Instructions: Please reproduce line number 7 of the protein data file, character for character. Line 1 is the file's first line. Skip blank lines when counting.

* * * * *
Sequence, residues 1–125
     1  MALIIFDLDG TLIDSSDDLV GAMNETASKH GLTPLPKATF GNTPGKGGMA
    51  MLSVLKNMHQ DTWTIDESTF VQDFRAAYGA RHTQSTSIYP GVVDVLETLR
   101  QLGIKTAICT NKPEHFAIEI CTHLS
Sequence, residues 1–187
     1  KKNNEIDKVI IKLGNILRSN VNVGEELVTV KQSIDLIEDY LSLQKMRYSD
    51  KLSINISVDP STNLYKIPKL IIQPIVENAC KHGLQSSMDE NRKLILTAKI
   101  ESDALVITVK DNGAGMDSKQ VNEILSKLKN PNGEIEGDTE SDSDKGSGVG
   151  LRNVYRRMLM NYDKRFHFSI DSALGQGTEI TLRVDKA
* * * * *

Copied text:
    51  KLSINISVDP STNLYKIPKL IIQPIVENAC KHGLQSSMDE NRKLILTAKI